'Life isn't over': Aleppo children play in bomb-crater 'pool'
Children were shown playing in a water pool in the war-torn Syrian city of Aleppo on Wednesday.
Photos published by the Aleppo Media Centre showed several children playing in a crater, caused by an air strike, that had filled with water from a burst pipe.
The makeshift swimming pool, set amid a scene of carnage in the southern district of Sheikh Saeed, provided some light relief for Syrian children who have suffered from a brutal civil war that has raged for five years.
Translation: Whatever Assad has done in Aleppo, life isn't over - its children make a new life in every site destroyed by his rockets. Sheikh Saeed District #AleppoAMC
Rebel-held parts of Aleppo have been pounded in recent weeks by a combination of Syrian government forces backed by their ally Russia.
Horrifying footage of the impact of war on Aleppo has shown children’s hospitals bombed and families forced to flee their homes for an uncertain future as refugees.
The Aleppo Media Centre is one of a handful of local groups cataloguing the disaster unfolding in Syria’s second city.
The media advocacy group recently published footage and images of Syrian toddler Omran Daqneesh – a five-year-old who briefly caught global attention after he was pulled from a bombed-out building covered in blood and dust and looking dazed.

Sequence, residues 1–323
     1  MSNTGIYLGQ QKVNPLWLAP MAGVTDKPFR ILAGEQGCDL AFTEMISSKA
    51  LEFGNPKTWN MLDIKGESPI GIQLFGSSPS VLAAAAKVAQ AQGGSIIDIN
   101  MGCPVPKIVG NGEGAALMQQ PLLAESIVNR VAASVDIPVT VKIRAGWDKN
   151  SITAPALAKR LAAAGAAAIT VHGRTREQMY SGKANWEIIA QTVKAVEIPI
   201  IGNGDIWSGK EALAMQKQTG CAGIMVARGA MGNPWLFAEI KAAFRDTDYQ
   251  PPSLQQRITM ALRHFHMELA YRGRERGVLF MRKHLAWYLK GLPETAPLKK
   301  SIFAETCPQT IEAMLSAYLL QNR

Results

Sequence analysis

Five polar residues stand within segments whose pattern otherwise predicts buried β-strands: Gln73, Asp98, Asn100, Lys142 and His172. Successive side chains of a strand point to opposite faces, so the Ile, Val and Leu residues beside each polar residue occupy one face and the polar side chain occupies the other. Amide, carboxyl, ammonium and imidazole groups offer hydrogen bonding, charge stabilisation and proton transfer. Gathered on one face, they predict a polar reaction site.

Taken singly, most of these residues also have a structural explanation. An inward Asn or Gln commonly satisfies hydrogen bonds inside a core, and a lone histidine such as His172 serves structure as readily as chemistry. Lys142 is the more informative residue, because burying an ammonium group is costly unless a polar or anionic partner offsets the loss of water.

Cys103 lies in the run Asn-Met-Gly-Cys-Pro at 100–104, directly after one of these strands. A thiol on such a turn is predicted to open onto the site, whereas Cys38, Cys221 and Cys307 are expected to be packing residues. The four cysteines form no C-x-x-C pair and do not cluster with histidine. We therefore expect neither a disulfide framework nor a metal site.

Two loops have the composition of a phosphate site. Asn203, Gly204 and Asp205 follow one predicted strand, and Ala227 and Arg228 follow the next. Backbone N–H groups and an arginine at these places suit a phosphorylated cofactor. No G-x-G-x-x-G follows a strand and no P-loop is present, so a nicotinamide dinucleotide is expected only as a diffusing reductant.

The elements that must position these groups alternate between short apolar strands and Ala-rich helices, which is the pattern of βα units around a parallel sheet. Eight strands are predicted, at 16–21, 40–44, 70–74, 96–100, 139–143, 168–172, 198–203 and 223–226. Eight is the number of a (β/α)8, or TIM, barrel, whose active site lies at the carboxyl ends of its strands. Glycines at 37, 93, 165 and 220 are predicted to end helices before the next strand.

The UN has urged for a ceasefire in Aleppo to allow medical aid into the embattled city, but the government and rebel forces have, so far, failed to agree a deal.
Fighting in Aleppo has significantly increased in recent months after a government siege was broken by rebel groups who set up a new supply line linking neighbourhoods in the city’s south.
Syrian government forces backed by Russia, Iran, and the Lebanese Shia militia Hezbollah have bombarded rebel held parts of the city, causing devastation and cutting vital food and medical supplies.
An estimated 250,000 people live in Aleppo’s eastern districts, and another 1.2 million live in the western part of the city.
More than 400,000 people have been killed since the Syrian civil war erupted in mid-2011, after President Bashar al-Assad reacted to street protests against his rule with brute force.
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